Citizen Review: The Poison Eaters

We continue our occasional series of customer reviews with The Poison Eaters by Holly Black. The book will be available in February.

The Poison Eaters

Holly Black’s novels for young adults combine, in a vivid and visceral way, folkloric raw material and the pangs of contemporary adolescence. Every tale in her new collection, The Poison Eaters, accomplishes this same alchemy in short story form. The result is concentrated, distilled, weapons-grade stuff, and it is beautiful. It’s like very strong espresso, delicious to sip but powerful enough to keep you up all night wishing you could breathe comfortably with blankets pulled over your head.

Some of Black’s stories use old faerie lore–the really old stuff (you can tell by the spelling) in which the Fair Folk are far more frightening than flowery—and situate themselves in the same world as Black’s Modern Faerie Tale novels. Others are fairy tales of the familiar, Grimm-collected sort, concerning princes, princesses, and the inheritance of thrones. These turn out to be the most likely to cause nightmares. There are also queer stories here, both in the sense of having queer protagonists and in the sense of queering reality as it is commonly understood, making the familiar strange and the strange somehow comforting.

Many contradictions come together and dance in Black’s fiction: the uncanny mixes with the ordinary, old lore walks in contemporary settings, and childhood collides with maturity in that heartbreaking incongruity for which “young adult” is as good a name as any. Every ending, when it comes, presents another contraction: they are simultaneously astonishing and inevitable. The last words of a last bedtime story, told by a king to the son who tried to poison him, will surprise you. The judicious and sacrilegious use of paper and scissors will surprise you. The choices made by Matilda, “The Coldest Girl in Coldtown,” who teaches others to be so very careful what they wish for, will surprise you—and yet, afterwards, you will know that these stories could not possibly have ended any other way.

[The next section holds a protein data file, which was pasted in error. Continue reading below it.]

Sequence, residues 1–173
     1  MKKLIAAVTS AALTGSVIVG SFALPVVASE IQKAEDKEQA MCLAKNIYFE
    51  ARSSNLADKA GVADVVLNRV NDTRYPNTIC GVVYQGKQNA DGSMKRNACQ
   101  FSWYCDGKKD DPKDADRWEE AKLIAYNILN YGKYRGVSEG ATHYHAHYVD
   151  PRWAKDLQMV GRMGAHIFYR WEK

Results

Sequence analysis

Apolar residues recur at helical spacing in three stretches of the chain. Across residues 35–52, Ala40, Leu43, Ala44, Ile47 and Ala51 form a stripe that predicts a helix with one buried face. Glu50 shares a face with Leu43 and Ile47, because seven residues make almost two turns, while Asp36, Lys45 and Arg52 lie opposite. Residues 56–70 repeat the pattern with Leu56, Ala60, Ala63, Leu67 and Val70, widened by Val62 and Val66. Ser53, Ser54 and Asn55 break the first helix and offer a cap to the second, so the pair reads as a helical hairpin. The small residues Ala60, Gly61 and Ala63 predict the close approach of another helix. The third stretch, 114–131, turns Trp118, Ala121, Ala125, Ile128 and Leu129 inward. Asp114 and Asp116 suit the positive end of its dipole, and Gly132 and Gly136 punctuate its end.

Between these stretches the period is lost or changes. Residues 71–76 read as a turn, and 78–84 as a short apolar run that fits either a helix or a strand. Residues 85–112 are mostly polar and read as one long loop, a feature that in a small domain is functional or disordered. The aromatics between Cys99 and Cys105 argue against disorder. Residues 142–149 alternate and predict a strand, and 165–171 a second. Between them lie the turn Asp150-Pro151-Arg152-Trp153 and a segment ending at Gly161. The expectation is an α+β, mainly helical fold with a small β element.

The Poison Eaters will reward the brave, and offer strange and powerful comforts to anyone who is, was, or is about to become an adolescent. The book offers something more useful than the old instruction to avoid eating faerie gifts: it provides both the poisons and the antidotes. Trust that these cures will work.

William Alexander lives in Minneapolis with spouse, new baby, and cat, and is always overjoyed to hear words used well. These are his current favorites: “We reject as false the choice between our safety and our ideals.”